At least two-thirds of the 810 patients in the study reported having leftover opioids after surgery
This Tuesday, Feb. 19, 2013 file photo shows hydrocodone pills, also known as Vicodin, arranged for a photo at a pharmacy in Montpelier, Vermont. Leftover opioids are a common dilemma for surgery patients; a study published Wednesday, Aug. 2, 2017, suggests that after several common operations most don't use all their pills and many store the remainders unsafely at home. (AP Photo/Toby Talbot), photo: AP/Toby Talbot
02 of August 2017 15:16:51
CHICAGO – Surgery patients often end up with leftover opioid painkillers and store the remaining pills improperly at home, a study suggests.The research raises concerns about overprescribing addictive medicine that could end in the wrong hands.Uncertainty among doctors about how much medicine patients really need after common operations contributes to the problem. Many patients also don't know how to safely get rid of unused medications, said lead researcher Dr. Mark Bicket, a Johns Hopkins anesthesiologist.Here are some key things to know:THE FINDINGSBicket and colleagues reviewed six studies involving 810 patients. Surgeries included operations on the skin, lungs, shoulder and hands, cesarean sections and dental work.At least two-thirds of patients reported having leftover opioids afterward; often more than half the prescribed pills were unused. Most stopped taking the drugs because their pain had subsided, although a few said they stopped over concerns about addiction risks.Fewer than one-third had gotten rid of their leftover pills or had plans to; an even smaller number — fewer than 10 percent — had considered or followed proper ways to dispose of the narcotics.The study was published Wednesday in JAMA Surgery.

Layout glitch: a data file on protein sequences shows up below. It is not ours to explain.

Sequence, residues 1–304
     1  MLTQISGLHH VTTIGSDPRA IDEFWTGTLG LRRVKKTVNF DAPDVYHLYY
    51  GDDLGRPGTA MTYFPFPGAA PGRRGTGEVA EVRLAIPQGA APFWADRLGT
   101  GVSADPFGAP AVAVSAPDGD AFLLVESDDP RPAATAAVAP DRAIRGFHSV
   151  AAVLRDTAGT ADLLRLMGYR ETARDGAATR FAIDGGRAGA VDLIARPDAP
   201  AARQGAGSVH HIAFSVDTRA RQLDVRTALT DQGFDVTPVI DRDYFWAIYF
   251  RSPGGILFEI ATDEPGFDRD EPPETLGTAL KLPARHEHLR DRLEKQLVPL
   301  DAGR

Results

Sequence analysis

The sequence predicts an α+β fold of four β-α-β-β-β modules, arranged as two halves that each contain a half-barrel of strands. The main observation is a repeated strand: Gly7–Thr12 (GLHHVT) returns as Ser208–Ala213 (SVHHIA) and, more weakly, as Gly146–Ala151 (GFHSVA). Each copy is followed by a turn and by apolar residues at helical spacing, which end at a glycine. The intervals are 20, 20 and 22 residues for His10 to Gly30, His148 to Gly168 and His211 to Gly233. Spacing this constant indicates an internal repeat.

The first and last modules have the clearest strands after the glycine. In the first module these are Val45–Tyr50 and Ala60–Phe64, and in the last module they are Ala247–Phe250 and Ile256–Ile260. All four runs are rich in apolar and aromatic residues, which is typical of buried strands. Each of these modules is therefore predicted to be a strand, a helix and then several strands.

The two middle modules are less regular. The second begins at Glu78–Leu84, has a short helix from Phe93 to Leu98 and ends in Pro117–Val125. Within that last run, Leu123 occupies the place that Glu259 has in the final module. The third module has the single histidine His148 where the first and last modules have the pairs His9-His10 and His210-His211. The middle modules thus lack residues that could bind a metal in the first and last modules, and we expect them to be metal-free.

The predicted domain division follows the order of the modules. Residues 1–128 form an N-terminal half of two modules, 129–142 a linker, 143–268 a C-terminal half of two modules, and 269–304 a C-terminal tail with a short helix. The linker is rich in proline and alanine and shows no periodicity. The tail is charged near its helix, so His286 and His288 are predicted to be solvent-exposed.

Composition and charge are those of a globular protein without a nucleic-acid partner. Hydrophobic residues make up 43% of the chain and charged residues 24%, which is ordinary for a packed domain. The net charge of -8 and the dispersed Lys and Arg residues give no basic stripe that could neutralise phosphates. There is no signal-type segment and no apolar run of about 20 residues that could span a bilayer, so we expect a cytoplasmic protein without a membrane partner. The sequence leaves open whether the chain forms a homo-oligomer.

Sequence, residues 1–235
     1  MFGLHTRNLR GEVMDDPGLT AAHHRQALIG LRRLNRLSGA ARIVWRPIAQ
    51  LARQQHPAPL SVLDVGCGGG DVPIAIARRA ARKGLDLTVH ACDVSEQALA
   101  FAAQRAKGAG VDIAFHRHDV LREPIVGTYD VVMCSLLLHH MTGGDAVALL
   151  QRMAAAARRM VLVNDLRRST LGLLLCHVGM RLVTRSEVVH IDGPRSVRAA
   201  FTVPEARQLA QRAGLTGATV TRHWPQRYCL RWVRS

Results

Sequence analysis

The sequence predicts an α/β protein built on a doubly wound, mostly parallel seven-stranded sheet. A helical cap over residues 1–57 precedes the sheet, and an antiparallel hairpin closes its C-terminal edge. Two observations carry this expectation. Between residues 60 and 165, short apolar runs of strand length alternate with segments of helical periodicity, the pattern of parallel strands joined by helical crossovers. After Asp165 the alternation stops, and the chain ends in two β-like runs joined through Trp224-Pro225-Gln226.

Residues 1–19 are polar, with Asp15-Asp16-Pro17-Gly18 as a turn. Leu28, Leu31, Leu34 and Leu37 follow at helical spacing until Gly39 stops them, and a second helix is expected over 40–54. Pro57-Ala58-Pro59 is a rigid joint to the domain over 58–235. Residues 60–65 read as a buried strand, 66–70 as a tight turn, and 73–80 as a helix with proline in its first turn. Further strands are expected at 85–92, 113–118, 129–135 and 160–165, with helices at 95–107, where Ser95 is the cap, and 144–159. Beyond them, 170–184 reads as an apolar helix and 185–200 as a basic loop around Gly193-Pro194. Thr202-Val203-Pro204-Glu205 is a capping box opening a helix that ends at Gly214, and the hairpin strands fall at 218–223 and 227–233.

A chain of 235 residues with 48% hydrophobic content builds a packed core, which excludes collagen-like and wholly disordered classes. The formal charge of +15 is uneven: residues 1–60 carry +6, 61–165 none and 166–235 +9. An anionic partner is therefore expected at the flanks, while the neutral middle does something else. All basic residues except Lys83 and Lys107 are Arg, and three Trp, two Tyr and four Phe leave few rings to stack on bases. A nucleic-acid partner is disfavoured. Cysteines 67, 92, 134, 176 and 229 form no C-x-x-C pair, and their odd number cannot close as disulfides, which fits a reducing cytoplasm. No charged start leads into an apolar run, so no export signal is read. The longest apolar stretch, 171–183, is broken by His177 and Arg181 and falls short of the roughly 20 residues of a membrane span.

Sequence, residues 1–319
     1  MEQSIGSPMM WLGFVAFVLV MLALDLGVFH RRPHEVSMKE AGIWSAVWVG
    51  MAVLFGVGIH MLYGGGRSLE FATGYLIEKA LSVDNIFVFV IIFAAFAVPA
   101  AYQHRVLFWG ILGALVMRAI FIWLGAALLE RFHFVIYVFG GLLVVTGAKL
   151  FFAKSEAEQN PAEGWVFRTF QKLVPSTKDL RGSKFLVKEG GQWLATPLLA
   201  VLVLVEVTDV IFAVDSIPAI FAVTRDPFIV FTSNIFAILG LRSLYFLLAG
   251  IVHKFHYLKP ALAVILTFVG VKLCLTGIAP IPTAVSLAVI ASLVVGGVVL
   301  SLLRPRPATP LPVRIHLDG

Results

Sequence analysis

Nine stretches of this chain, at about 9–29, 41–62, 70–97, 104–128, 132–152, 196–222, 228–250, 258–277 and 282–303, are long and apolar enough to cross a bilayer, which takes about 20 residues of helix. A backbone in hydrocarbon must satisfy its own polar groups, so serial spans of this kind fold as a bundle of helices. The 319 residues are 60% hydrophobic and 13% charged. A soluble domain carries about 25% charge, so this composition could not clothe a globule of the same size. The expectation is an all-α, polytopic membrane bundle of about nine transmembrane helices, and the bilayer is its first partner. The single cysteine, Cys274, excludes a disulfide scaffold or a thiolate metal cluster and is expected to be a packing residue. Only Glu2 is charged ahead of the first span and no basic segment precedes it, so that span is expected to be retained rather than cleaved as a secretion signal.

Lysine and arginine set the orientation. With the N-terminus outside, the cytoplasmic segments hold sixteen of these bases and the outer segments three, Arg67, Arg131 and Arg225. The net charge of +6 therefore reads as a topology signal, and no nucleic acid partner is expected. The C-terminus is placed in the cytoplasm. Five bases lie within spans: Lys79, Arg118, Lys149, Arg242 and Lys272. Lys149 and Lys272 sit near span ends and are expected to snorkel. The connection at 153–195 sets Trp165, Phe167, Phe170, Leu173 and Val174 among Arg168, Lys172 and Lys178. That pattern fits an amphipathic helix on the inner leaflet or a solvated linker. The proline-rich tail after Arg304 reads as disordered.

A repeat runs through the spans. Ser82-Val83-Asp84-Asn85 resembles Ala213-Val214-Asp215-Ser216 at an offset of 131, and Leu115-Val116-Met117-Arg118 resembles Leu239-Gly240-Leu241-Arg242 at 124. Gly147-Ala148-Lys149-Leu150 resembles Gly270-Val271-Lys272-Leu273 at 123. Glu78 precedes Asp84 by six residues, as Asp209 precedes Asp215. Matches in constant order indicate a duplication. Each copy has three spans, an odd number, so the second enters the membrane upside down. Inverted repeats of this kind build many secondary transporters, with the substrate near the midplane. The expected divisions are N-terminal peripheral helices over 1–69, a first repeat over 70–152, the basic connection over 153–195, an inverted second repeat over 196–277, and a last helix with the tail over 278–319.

OTHER OPTIONSDoctors should consider smaller opioid doses depending on each patient's needs, Bicket said. Pain relief options other than opioids, including over-the-counter pain relievers and exercise, should also be considered after surgery, he said.
These drugs can be especially harmful so expediency is key to preventing accidental ingestion by others. https://t.co/mSVefY3i47— U.S. FDA (@US_FDA) 1 de junio de 2017